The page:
Why Kubernetes Matters: Learn Its Key Benefits and Real-World Use Cases

If you're involved in software development, you've probably heard of Kubernetes. This powerful container orchestration tool has rapidly gained in popularity since its launch in 2014, and is now widely used across a range of industries. But what exactly is Kubernetes, and why does it matter? I wrote this article to know the answer to these questions and understand why Kubernetes is such an important tool for modern application development and deployment.

What is Kubernetes?

According to Kubernetes documentation, Kubernetes is a portable, extensible, open-source platform for managing containerized workloads and services, that facilitates both declarative configuration and automation. It has a large, rapidly growing ecosystem. Kubernetes services, support, and tools are widely available.

At first, that definition didn't help me to understand what it is and why is useful or when we have to use it.

To understand why developers and organizations use Kubernetes is necessary to give more context and explain how developers and organizations deployed applications before containers existed.

I will explain a little bit, about how things work when developers deployed traditionally, using virtual machines and containers.

Traditional Deployment

When we create an app, let's say a Django or Rails app, or any app using Python, Java, Go, Rust, etc. And we run it, we are running the application on top of the OS, and the OS on top of the hardware.

This way has its issues, if we have many applications running on our machine, one of them may use more resources than the others, making the other applications underperform. Sure, if you are running one app, probably there is no problem. But if you are part of an organization that runs many apps to serve a lot of clients, customers, users, etc. It will be a concern. And using a machine for each application is expensive.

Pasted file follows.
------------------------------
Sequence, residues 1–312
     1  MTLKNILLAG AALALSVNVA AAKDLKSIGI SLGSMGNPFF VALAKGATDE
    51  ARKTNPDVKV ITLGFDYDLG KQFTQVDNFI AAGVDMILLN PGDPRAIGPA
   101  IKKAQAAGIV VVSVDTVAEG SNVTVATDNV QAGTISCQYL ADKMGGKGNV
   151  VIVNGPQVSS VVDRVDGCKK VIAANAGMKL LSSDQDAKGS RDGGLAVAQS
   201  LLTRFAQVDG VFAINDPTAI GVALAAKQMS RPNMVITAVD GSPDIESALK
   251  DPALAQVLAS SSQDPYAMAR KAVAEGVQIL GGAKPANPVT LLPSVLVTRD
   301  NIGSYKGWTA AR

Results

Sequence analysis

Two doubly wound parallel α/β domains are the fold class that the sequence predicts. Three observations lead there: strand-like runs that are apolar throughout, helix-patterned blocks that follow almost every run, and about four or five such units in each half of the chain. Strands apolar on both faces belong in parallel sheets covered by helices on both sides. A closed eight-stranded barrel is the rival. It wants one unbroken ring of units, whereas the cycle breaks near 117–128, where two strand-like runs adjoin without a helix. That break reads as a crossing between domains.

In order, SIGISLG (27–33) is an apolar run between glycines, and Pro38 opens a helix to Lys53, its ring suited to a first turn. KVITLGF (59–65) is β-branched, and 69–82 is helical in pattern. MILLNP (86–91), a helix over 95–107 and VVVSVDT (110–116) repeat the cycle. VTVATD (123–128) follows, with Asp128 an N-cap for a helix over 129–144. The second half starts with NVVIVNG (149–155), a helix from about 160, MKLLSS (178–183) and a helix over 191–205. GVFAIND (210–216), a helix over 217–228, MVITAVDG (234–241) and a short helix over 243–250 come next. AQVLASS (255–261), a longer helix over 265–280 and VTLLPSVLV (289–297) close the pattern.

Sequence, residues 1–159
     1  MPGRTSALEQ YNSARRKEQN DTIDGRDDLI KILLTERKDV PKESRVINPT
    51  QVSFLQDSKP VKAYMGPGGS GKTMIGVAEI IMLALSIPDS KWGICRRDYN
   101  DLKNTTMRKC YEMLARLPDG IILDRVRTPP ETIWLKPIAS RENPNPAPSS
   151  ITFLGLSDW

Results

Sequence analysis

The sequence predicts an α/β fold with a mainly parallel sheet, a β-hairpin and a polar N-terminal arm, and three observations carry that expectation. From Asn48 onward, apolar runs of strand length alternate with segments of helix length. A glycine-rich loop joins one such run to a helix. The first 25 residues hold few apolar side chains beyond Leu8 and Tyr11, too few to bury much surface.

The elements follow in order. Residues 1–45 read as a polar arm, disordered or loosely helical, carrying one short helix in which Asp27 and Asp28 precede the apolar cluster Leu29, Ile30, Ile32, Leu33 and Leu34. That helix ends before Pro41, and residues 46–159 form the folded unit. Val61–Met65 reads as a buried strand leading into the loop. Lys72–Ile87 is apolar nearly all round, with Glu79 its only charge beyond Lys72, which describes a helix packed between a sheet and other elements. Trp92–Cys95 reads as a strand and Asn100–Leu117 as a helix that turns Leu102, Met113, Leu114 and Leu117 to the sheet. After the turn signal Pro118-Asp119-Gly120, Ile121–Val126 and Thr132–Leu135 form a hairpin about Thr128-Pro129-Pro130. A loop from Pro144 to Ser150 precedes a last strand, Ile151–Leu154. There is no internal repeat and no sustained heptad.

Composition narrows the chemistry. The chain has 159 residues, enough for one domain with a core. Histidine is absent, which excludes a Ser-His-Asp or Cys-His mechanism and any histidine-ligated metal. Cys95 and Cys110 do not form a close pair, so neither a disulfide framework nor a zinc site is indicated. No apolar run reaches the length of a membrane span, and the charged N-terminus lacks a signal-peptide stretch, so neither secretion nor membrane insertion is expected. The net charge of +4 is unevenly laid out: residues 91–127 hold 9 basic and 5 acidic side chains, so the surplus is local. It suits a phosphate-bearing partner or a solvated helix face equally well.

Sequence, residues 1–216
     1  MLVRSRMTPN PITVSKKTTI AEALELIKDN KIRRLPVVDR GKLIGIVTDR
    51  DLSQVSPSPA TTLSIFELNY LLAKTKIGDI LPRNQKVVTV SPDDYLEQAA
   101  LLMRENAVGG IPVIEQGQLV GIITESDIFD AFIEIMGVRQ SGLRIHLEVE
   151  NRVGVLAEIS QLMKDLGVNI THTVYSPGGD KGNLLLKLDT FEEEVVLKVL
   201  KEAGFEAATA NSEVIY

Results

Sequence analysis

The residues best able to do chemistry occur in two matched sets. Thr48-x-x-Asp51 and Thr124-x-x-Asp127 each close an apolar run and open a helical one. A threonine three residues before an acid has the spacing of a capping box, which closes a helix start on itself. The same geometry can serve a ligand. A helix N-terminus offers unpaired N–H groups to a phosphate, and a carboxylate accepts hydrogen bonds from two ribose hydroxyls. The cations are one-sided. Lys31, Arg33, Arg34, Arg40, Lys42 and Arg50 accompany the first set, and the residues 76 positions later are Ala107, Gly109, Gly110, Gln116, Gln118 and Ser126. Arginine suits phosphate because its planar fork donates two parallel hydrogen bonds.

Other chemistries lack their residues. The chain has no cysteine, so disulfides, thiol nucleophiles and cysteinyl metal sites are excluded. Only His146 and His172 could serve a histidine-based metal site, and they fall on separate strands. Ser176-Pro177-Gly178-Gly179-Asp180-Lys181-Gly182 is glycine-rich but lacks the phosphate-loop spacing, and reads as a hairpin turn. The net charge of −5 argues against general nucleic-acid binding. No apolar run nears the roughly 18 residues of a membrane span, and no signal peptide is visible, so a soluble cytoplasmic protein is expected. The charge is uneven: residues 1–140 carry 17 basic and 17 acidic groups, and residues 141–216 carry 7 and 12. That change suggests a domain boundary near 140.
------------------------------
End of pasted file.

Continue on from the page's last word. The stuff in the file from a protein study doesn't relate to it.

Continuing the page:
Virtual Machines

To solve this issue, organizations start to use Virtual Machines(VMs). A VM sits on top of the OS, and every VM has an OS running it. So, we have an application running inside a VM, isolated from the others applications, which are running in others VM, this way we can control the resources the application consumes. Also, we can have multiple VMs running inside the same physical server.

An example of virtual machines is Java Virtual Machine and Windows Subsystem Linux or WSL, which allow Windows users to use a Linux Distro inside Windows.


Then, organizations started to use containers. Containers are similar to VMs, are considered lightweight, they can share the Operating System (OS) among the applications. Similar to a VM, a container has its own filesystem, share of CPU, memory, process space, and more.

They are portable across clouds and OS distributions. That way, we can develop an application in a Mac OS system or a Windows system and run it or deploy it in a Linux server. Oversimplifying, this is the process when we want to deploy an application on a cloud service: We containerize the application and then deploy it on the cloud service.

Why we need Kubernetes and what it can do

In a production environment, we have many applications running in containers. But, what happens if a container goes down? We have to start another container. But instead of starting a container manually, it will be convenient to have a system that does it for us. That is what Kubernetes does, it takes care of scaling and failover for our applications.

According to the official documentation, Kubernetes provides us with: